African Marketplace Quietly Canceled & Pan African Film Festival Receives Eviction Letter from Baldwin Hills Crenshaw Plaza

According to the U.S. Census Bureau, in 2008, Blacks accounted for 9.4% of the residents of Los Angeles County. Of those Blacks, Los Angeles ranks number 4 in U.S. with the largest African-born population. Los Angeles is home to large groups of Africans from Nigeria, South African, Ghana, Ethiopia, Cameroon, and Senegal. In addition, thousands of Jamaicans, Trinidadians, and Belizeans call L.A. home.

For African-Americans and African-born Angelinos, the African Marketplace and Cultural Faire and the Pan African Film Festival are highly anticipated events where Africa is front and center for a short period in L.A. each year. Attended by African and Caribbean dignitaries, both events allow Angelinos to experience Africa without ever stepping foot on plane. One through a seven day summer cultural marketplace the other through the exhibition of film and fine art over twelve days during Black History Month.

As of now, the 2009 African Marketplace has been quietly canceled and the Pan African Film Festival is being evicted from the Baldwin Hills Crenshaw Plaza, it’s home for the past decade.

So what gives?  Here’s what I found out.

African Marketplace and Cultural Faire Canceled


James Burks, Founder of African Marketplace and Cultural Faire Looks Over 2005 Festival Blueprints

Every year tens of thousands of Angelino’s look forward to the annual African Marketplace and Cultural Faire that signals the close of the summer. With August almost over, hardly a word has been said about the cancellation of the African Marketplace and Cultural Faire, which in years past would be live and in full effect right now as it has been for the past 23 years.

Founded in 1985, the African Marketplace was designed to connect Africa and African Diaspora communities and included a Village Gourd Festival, a Brazilian Trade and Music Festival, the Celebrity Village Games, an African Business Expo, entertainment, and arts and crafts.

On July 18, 2001, the Los Angeles City Department of Parks and Recreation began repairs on Rancho Cienega Park, just days before the would be opening of the Marketplace’s 16th year. This event caused the Marketplace to have to pick up and temporarily change venues to the Los Angeles Sports Coliseum, a move that didn’t sit too well with the community and one that Burks credits with almost destroying the Marketplace and a major drop in the events attendance numbers. In 2006, Los Angeles Councilman Herb Wesson played a pivotal role in the Marketplace returning to its familiar grounds at Rancho Cienega Park.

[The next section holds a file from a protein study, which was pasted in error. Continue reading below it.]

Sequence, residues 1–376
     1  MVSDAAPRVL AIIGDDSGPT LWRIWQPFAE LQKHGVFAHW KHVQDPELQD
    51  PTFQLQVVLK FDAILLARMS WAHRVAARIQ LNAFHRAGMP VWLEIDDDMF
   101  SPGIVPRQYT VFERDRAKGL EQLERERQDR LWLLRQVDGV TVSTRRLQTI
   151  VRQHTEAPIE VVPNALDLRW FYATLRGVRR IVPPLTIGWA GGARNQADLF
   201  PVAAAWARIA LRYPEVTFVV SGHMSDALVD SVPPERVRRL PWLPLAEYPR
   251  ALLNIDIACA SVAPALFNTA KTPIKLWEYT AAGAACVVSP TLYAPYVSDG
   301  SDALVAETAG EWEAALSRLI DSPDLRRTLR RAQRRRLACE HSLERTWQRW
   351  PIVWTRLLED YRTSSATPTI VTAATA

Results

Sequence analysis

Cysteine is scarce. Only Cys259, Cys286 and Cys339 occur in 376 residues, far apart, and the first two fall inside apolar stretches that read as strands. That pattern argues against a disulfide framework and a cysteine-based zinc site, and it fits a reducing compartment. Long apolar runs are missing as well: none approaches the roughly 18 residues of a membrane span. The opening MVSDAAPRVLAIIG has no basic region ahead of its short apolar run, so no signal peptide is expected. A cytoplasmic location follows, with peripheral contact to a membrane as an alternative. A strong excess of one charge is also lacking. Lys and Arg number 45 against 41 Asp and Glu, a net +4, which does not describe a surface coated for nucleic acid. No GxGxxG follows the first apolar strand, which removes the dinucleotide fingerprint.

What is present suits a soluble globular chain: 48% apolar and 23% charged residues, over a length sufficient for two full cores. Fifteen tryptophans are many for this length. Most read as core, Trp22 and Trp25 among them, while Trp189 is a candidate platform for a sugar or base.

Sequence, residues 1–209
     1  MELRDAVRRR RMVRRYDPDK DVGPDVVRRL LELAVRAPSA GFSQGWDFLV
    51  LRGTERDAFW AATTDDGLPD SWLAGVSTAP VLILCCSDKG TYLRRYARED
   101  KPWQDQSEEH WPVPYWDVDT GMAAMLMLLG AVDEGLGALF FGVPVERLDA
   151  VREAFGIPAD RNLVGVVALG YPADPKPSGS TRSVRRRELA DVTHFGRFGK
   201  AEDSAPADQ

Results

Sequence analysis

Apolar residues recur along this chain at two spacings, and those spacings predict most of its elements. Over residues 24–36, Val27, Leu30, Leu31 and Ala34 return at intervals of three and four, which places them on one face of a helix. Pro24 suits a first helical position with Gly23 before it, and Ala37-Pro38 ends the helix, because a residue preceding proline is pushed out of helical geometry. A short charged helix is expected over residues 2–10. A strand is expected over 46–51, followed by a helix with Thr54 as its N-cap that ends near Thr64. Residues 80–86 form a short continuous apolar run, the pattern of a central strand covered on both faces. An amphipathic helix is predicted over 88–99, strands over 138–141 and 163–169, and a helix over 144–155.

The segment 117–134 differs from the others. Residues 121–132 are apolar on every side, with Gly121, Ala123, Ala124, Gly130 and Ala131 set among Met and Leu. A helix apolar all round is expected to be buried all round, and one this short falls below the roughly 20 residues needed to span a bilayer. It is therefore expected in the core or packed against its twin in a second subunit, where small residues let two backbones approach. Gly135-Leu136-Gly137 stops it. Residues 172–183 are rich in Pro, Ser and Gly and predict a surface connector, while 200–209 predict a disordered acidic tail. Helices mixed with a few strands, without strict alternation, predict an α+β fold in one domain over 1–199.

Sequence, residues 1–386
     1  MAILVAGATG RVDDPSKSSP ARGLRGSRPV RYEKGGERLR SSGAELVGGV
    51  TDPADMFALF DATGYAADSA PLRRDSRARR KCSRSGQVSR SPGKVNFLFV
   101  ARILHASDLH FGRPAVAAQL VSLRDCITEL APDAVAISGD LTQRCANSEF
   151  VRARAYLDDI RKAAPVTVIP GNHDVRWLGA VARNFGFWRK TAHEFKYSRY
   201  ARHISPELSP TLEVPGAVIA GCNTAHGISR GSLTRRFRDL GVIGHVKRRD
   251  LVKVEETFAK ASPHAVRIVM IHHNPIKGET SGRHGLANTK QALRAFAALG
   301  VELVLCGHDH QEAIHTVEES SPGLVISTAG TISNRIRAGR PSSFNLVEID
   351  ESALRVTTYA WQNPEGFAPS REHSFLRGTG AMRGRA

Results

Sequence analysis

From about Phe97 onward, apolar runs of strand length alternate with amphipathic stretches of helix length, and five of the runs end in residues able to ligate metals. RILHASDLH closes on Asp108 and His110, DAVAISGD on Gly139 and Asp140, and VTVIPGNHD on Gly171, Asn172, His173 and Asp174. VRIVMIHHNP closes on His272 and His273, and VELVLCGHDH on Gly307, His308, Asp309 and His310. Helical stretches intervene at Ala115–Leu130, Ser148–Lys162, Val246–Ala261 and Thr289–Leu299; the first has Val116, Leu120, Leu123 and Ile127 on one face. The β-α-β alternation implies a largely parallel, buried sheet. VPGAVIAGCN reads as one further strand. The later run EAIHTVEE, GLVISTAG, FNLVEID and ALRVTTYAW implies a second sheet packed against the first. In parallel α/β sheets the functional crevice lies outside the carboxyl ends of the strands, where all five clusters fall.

Bright goldenrod signs announcing the cancellation of the African Marketplace appeared this week around Rancho Cienega Park, its main home throughout the past decade.



Recently quoted in the Our Weekly newspaper event founder James Burks explained, “We have a situation where there is not enough money and not really a corporate community here that we can call on.” Burks made the difficult business decision to cancel the 2009 African Marketplace and focus on celebrating the 25th anniversary of the cultural fair in 2010.

“The African Marketplace does not just rely on (corporate sponsorships). There are private sector and public sector dollars. There’s earned income. There’s amortized costs. There’s strategic alliances, and in-kind contributions. In fact, the majority of the income from the African Marketplace is earned income, and it has been for the last couple of years. That’s the box office, vendor fees, and concessions revenue.”

Burks also said that the African Marketplace struggled to handle costs connected to utilizing parks and other services. Costs that included a $4,000 facility use fee, $100 per day per vendor, staffing, maintenance, and restoration fees, all of which amounted to about $50,000 in fees paid to Los Angeles’ Department of Parks and Recreation. He also says that had the fees not been so enormous to utilize a public park, that he would have produced the festival this year.

“The reality is that the Marketplace received no assistance from Rec and Parks,” commented Burks. “There was no programming or marketing support given. We did it all ourselves.”

Pan African Film Festival Asked to Leave Baldwin Hills Crenshaw Plaza


Just down the street from the Rancho Cienega Park,  at the Baldwin Hills Crenshaw Plaza the Pan African Film and Arts Festival (PAFF) has been blindsided by a recent letter of eviction from The Festival Companies, the leasing agent for Capri Capitol Partners, owners of the mall—an unneeded, unbudgeted, and unnecessary hardship on the PAFF right in the middle of planning February’s festival.

The backstory.

Earlier this year the Baldwin Hills Crenshaw Plaza suffered a string of armed robberies, including one at the Creole Chef forcing the closure of the celebrated New Orleans restaurant. Shortly after the exit of the Creole Chef, the Sizzler closed its doors, leaving the southwest corner of the mall’s parking lot almost vacant with the exception of Wells Fargo bank.